Rishi Sunak borrowed another £14bn last month as debt interest payments hit £7.6bn, the highest for any May on record, the Office for National Statistics said.
The debt servicing cost is 50pc more than the £5.1bn forecast by the Office for Budget Responsibility, as runaway inflation drives up the cost of servicing the national debt.
Around one-quarter of the nation’s £2 trillion debt is linked to the retail price index measure of inflation, which surged to 11.7pc last month.
Debt interest had already been forecast to cost a record £83bn this financial year, so the sharp rise will raise fears this could be an underestimate.
The figures highlight risks to the public finances as the cost-of-living crisis threatens to push Britain into a recession.
FTSE risers and fallers
The FTSE 100 has dropped further this morning as commodity prices slide amid growing recession fears.
The blue-chip index is now down 0.8pc, extending losses racked up yesterday.
BP and Shell were once again the biggest drags on the index, while miners also lost ground as traders reacted to rising Covid cases in China and aggressive interest rate rises by the Federal Reserve.
The domestically-focused FTSE 250 slid 0.7pc, with biggest faller 888 down more than 4pc after it warned on lower revenue for the first half.
Gas prices drop as Germany eyes next stage of emergency plan
Natural gas prices edged lower ahead of a statement from Germany that’s expected to trigger the second stage of the country’s emergency gas plan.
Economy minister Robert Habeck will speak at 10am local time on “energy and supply security”.
Moving to stage two – the “alarm” phase – could mean a change in the law to allow energy companies to pass on cost increases to homes and businesses.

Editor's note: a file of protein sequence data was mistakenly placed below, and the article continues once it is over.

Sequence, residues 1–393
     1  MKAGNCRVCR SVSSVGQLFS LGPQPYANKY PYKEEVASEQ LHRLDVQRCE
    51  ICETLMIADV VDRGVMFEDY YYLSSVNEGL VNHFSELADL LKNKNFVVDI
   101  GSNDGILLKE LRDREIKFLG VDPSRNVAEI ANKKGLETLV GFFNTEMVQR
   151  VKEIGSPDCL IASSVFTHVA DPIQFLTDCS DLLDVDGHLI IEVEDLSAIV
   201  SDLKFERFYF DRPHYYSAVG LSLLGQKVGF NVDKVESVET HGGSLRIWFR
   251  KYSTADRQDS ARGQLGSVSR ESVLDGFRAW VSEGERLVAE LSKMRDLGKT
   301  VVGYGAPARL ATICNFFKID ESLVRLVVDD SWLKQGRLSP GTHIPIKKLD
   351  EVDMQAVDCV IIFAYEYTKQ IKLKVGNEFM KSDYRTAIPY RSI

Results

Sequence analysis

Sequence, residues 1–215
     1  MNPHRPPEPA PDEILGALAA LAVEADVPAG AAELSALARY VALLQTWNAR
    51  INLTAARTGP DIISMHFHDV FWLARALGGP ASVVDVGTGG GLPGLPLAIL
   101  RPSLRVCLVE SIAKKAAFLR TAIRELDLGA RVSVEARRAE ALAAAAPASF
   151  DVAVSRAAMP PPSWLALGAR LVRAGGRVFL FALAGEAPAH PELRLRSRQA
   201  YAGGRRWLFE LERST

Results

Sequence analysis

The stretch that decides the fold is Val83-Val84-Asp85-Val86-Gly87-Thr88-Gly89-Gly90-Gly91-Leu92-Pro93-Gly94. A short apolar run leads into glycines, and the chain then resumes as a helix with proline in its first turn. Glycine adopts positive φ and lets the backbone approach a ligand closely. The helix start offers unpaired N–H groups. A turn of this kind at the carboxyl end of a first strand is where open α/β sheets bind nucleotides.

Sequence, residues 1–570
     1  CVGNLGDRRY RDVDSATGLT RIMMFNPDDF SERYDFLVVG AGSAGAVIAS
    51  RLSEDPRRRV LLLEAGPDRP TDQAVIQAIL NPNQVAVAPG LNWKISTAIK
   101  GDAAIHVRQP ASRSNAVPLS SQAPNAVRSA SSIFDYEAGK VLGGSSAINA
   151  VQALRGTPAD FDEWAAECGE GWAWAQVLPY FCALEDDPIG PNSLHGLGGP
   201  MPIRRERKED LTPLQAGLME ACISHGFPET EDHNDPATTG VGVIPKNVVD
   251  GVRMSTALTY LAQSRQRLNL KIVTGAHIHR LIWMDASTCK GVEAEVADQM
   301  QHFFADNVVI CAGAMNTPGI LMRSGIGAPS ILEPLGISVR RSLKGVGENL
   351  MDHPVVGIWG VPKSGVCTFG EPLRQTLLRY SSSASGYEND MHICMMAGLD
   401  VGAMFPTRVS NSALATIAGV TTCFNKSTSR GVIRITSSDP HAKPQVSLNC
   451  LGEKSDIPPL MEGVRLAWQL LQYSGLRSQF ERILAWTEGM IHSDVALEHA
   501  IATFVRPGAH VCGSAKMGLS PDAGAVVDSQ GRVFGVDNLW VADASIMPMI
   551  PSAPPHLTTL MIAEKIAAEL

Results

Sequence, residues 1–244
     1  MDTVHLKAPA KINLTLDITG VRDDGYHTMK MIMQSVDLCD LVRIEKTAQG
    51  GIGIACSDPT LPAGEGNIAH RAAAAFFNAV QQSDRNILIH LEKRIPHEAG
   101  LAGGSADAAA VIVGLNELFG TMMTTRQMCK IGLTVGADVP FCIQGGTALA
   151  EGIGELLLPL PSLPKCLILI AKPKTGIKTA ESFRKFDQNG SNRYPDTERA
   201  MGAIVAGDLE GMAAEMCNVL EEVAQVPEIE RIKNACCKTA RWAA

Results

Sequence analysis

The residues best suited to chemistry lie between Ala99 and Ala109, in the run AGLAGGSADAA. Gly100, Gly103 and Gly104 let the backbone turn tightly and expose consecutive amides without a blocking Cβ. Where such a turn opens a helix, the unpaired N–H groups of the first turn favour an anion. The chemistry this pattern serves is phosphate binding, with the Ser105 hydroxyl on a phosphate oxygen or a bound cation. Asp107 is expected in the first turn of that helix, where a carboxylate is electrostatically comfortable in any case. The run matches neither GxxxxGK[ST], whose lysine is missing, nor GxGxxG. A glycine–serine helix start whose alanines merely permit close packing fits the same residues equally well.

It may also involve firing up more coal-fired power plants to cut down gas consumption.
It comes as flows from Russia remain curtailed, with the Nord Stream pipeline to Germany operating at about 40pc capacity.
The reductions, which Germany has described as political, are fuelling fears of energy shortages this winter.
Benchmark European gas prices slipped 1.3pc in Amsterdam.
FTSE 100 opens lower
The FTSE 100 has started the day on the back foot as recession fears continue to grip markets.
The blue-chip index fell 0.5pc to 7,055 points.
Reaction: Sunak’s headroom squeezed amid cost-of-living crisis
Paul Dales, chief UK economist at Capital Economics, warns the weak economy will limit Rishi Sunak’s ability to help households.
The larger-than-expected £14.0bn rise in public borrowing in May is an early blow for the Government on a day when it is expected to lose two by-elections. What’s more, with the economy weakening and interest rates rising, the public finances will probably perform worse this year than the OBR forecast.
Borrowing is still declining relative to a year ago as the pandemic support unwinds, but it is now declining slower than the OBR forecast in March’s Spring Statement.
This means that after just two months of the 2022/23 financial year, borrowing is already £6.4bn higher than the OBR expected.
And that’s before taking into account the net £10.3bn handout by Chancellor last month to help households cope with the cost of living crisis as well as the full boost to borrowing from higher interest rates, higher inflation and weaker economic activity that’s down the line.
As such, we think borrowing this year will come in closer to £110bn rather than the £99bn the OBR is forecasting.
That would reduce the room for the Chancellor to cut taxes and/or provide more grants to households when a further rise in CPI inflation to 10-11pc in October worsens the cost of living crisis.